The commotion of suiting up in the tent gives way to silence in the bunker. The sirens have gone quiet and we’re just left with our thoughts. ‘What is going on? Did the Iraqi’s slip a bomber through the air defences?’ I can’t remember if the QEAF’s Mirages scrambled that night, but even if they did it would be a difficult intercept. I pulled out my shortwave radio and slipped the ear-piece beneath the seal of my mask. Turning the unit on quickly brought news from the BBC in London that had received word that a SCUD had been fired from Iraq that was headed towards the Saudi capital of Riyadh. It was a relief to know that even though Iraq was firing ballistic missiles, they weren’t directly at us.

Twenty minutes later we were given the “All Clear” signal and we were able to remove our gear. It was then, sometime after four in the morning of the sixteenth of January 1991 (since there was no use in trying to go back to sleep) that through radio and television that we learned that the war had in fact started and the aircraft from the first airstrikes were returning to their bases, all while we were asleep. The news was good, although there was no official confirmation, CNN reported that most, if not all of our aircraft were accounted for.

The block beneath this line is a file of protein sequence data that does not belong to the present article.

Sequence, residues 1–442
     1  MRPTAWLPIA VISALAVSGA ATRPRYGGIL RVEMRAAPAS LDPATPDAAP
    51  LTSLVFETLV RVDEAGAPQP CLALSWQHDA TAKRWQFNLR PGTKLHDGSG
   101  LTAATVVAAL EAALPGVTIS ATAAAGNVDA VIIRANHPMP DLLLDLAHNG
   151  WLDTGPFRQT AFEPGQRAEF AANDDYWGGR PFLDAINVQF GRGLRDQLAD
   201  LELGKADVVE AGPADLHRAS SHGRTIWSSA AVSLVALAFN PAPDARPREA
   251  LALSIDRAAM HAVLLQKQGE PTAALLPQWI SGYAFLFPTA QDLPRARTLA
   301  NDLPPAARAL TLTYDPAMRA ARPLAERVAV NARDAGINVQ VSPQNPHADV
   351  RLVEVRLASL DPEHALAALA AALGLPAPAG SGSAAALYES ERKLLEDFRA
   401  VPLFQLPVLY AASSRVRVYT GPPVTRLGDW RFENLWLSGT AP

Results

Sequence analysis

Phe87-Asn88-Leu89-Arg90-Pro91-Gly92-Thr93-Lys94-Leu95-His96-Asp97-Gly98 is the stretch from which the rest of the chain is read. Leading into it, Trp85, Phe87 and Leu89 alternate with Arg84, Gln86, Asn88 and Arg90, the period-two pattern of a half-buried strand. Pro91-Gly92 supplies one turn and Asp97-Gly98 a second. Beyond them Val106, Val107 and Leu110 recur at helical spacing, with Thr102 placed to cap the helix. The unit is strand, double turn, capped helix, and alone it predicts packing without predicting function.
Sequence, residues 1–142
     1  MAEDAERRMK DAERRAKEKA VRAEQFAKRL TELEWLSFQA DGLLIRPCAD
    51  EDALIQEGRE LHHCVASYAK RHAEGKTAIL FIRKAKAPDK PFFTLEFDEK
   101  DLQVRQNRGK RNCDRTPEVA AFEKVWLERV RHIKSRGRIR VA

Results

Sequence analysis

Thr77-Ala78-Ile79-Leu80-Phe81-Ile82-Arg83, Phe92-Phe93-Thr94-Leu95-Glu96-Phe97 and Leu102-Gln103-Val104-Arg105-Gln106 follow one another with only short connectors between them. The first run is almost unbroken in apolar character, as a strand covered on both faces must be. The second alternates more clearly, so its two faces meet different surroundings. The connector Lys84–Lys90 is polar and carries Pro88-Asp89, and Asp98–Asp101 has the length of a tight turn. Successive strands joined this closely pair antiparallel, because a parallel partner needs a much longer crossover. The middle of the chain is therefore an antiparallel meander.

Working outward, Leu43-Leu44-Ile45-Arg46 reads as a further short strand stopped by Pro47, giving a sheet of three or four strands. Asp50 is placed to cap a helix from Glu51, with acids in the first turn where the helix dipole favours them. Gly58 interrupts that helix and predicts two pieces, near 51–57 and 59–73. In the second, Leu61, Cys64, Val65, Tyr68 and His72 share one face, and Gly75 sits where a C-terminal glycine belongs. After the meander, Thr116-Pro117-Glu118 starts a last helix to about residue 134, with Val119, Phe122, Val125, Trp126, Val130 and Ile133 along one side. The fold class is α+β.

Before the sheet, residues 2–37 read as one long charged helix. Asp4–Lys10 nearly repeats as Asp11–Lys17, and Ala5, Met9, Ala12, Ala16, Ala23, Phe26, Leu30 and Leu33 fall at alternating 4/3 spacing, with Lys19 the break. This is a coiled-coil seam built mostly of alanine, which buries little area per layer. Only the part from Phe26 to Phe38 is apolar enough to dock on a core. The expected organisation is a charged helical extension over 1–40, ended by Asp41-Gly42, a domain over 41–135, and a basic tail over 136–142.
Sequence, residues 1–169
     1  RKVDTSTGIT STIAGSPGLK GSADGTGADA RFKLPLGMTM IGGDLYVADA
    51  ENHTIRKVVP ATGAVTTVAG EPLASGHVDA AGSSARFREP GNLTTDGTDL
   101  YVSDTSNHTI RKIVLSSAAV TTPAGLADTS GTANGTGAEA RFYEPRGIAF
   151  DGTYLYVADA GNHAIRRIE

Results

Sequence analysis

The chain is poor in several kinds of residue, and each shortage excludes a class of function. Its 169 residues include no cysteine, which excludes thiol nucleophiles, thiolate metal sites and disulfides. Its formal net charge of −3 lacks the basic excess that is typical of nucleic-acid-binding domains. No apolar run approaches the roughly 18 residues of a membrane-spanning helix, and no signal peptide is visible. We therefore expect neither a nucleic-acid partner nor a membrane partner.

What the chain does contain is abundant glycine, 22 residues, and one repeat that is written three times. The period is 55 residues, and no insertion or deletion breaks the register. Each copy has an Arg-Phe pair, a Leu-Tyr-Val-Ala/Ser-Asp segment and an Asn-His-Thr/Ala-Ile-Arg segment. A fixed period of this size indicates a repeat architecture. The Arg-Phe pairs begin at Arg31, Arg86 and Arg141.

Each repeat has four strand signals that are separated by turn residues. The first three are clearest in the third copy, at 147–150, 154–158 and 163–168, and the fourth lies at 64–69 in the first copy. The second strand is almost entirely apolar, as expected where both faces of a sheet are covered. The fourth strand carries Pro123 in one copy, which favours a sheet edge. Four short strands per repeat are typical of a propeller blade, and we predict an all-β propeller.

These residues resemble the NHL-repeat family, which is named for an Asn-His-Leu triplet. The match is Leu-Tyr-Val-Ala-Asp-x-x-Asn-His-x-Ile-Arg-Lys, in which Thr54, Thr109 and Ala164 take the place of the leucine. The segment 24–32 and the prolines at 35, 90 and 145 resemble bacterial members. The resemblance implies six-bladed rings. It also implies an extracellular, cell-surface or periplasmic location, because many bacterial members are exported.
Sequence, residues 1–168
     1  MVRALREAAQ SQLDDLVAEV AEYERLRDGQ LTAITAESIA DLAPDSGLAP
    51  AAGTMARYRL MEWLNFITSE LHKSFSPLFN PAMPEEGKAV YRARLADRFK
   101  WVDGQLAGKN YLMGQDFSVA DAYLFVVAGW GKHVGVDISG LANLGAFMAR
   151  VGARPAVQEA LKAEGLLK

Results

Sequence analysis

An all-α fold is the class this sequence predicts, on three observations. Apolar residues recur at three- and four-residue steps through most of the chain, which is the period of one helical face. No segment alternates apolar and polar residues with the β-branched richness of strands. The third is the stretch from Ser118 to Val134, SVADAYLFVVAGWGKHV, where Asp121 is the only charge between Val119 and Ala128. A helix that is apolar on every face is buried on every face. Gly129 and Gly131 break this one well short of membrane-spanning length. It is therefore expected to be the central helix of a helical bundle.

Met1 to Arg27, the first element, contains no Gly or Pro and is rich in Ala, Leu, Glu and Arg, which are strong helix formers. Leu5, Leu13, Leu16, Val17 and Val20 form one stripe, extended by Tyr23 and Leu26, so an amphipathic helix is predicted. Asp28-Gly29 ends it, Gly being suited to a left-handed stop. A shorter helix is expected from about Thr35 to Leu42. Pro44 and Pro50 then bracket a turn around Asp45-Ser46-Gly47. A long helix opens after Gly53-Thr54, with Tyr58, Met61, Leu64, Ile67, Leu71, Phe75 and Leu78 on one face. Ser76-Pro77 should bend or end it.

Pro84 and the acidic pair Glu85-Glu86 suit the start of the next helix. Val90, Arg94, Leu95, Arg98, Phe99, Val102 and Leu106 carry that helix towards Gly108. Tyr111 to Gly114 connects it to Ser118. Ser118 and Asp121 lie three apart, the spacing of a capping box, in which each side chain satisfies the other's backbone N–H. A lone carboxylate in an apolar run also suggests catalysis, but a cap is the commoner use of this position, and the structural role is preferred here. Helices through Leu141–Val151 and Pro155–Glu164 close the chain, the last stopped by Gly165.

When we walked into the hangar that morning, it was a different place. The people, the aircraft and the tools were the same; but there was an entirely different ‘feeling’, a different attitude from the day before. It’s difficult to describe the change, there was a feeling of ‘seriousness’, yet also excitement. We’d been in the desert for almost five months and were finally to start what we came here for. The previous night President Bush had said:

"The liberation of Kuwait has begun. In conjunction with the forces of our coalition partners, the United States has moved under the code name Operation Desert Storm."
_________________
F-16A/B/C/D P&W/GE Crew Chief and Phased Maint.
56TTW/63TFTS 1987-1989
401TFW/614TFS 1989-1991
January 18th, 2006  
MightyMacbeth
 
 
yeah... what can I say
January 18th, 2006  
tomtom22